IJDVL Home  
 

LETTER TO THE EDITOR
[Download PDF]  
Year : 2009  |  Volume : 75  |  Issue : 4  |  Page : 410-412

Proximal subungual onychomycosis caused by Aspergillus flavus in a HIV-positive patient

Sanjiv V Choudhary1, Sankha Koley1, Sanjay Mallick2, Seema Bose2, Silpi Basak2,  
1 Department of Dermatology, Jawaharlal Nehru Medical College, Sawangi, Mahrasthra, India
2 Department of Microbiology, Jawaharlal Nehru Medical College, Sawangi, Mahrasthra, India

Correspondence Address:
Sanjiv V Choudhary
28, Modern Nagpur Society, Chhatrapati Nagar, Nagpur - 15 (M.S)
India




How to cite this article:
Choudhary SV, Koley S, Mallick S, Bose S, Basak S. Proximal subungual onychomycosis caused by Aspergillus flavus in a HIV-positive patient.Indian J Dermatol Venereol Leprol 2009;75:410-412


How to cite this URL:
Choudhary SV, Koley S, Mallick S, Bose S, Basak S. Proximal subungual onychomycosis caused by Aspergillus flavus in a HIV-positive patient. Indian J Dermatol Venereol Leprol [serial online] 2009 [cited 2019 Jul 19 ];75:410-412
Available from: http://www.ijdvl.com/text.asp?2009/75/4/410/53152


Full Text

Sir,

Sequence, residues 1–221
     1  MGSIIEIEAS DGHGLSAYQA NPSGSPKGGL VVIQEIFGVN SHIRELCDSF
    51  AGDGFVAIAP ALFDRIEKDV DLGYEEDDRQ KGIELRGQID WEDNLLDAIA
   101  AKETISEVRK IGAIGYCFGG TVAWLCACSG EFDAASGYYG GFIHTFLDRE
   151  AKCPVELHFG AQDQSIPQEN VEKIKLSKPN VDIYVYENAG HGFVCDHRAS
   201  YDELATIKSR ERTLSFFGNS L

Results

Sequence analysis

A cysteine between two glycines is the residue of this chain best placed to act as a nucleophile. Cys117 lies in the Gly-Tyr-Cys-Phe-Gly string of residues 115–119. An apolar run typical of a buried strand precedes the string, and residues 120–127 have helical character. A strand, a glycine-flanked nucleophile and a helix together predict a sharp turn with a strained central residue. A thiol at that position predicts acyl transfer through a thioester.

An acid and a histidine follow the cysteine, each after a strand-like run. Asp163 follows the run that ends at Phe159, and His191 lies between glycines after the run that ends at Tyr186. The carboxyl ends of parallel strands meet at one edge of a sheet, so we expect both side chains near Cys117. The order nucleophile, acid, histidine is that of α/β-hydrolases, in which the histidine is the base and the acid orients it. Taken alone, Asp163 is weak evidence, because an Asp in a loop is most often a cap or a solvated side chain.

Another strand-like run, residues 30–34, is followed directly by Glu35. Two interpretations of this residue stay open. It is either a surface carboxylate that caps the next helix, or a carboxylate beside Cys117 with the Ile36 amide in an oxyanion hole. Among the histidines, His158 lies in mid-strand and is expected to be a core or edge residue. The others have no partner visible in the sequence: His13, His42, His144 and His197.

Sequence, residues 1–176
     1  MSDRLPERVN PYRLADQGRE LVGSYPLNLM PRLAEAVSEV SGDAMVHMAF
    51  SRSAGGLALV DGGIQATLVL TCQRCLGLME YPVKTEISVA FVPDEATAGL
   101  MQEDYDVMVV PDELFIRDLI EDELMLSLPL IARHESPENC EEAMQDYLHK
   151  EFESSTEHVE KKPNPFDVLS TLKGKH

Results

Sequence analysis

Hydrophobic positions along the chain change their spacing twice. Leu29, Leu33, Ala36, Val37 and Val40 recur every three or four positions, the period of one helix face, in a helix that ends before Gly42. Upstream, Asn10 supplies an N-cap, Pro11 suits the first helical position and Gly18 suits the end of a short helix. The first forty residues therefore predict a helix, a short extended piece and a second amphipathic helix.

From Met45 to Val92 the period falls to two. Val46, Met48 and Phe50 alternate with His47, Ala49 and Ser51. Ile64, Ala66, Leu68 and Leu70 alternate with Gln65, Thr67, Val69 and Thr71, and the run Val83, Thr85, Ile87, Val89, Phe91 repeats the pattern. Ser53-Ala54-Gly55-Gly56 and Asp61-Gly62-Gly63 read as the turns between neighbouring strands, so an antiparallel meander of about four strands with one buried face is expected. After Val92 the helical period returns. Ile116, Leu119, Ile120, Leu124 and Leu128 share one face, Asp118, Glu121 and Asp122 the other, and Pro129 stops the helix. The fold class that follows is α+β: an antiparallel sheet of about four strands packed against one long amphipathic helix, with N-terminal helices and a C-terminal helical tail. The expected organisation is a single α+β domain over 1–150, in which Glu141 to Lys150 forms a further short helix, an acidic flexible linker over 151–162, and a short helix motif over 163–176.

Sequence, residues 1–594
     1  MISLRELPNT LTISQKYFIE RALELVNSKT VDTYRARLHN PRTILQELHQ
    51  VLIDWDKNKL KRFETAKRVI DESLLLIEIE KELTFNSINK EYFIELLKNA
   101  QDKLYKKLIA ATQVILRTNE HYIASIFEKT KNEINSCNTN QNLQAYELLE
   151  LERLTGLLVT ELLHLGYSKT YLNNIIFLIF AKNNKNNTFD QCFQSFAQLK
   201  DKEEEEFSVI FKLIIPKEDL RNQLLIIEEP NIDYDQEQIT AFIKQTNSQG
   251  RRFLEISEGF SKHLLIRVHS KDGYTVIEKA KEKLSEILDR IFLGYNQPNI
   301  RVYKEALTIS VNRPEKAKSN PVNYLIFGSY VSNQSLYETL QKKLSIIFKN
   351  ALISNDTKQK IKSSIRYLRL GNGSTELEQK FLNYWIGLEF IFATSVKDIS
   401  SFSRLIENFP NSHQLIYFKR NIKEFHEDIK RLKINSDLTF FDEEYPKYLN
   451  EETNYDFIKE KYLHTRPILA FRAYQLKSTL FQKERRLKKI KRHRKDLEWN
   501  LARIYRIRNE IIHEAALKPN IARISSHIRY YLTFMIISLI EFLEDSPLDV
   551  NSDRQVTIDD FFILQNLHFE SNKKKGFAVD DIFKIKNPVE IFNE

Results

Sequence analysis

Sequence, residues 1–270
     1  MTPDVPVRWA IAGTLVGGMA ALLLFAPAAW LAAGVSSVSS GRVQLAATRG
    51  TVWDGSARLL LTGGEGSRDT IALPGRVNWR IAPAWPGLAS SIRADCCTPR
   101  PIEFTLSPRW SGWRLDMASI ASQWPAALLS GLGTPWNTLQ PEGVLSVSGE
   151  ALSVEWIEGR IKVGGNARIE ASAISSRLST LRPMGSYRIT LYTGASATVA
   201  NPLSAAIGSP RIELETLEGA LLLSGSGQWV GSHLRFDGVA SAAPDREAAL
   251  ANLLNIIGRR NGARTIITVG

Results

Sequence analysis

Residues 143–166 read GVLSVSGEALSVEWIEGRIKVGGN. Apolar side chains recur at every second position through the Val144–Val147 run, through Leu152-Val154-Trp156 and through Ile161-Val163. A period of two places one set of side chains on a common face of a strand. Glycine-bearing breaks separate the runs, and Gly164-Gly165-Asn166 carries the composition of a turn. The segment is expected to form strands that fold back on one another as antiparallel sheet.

Onychomycosis is defined as a fungal infection of the nail caused by dermatophytes, nondermatophyte moulds (NDM) and yeasts. Types of onychomycosis are distal-lateral subungual onychomycosis (DLSO), proximal subungual onychomycosis (PSO), white superficial onychomycosis and total dystrophic onychomycosis. D0 LSO is the most common clinical type. PSO is uncommon in the general population but is frequently associated with human immunodeficiency virus (HIV) infection and is mostly caused by Trichophyton rubrum and Trichophyton megninii . PSO is nearly pathognomonic of HIV infection. [1],[2] Multiple fungal species and unusual opportunistic fungi are frequently cultured from HIV-infected patients and may be a reflection of the degree of immunosuppresion. [3] Previously regarded as contaminants, yeasts and moulds are now being increasingly recognized as pathogens in fungal nail infection. [4] Aspergillus flavus is a widespread saprophyte found in soil, seeds, fruits and decaying vegetation. We report a rare case of PSO caused by Aspergillus flavus in an HIV-positive patient.